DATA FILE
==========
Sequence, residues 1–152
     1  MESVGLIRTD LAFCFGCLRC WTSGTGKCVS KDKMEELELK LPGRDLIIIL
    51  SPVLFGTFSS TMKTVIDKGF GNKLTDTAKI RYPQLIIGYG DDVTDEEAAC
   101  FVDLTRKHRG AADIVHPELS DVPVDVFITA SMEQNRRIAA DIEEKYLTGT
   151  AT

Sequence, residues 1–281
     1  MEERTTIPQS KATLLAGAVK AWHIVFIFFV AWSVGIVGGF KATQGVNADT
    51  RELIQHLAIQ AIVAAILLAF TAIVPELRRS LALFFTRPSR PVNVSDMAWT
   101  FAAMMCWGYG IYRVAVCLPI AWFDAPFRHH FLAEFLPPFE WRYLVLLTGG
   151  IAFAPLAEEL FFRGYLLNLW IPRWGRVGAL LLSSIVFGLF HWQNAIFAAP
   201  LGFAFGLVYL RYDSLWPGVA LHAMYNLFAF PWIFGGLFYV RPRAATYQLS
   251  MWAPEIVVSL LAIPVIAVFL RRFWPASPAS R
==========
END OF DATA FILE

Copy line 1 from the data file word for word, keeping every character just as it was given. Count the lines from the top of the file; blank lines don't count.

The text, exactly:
Sequence, residues 1–152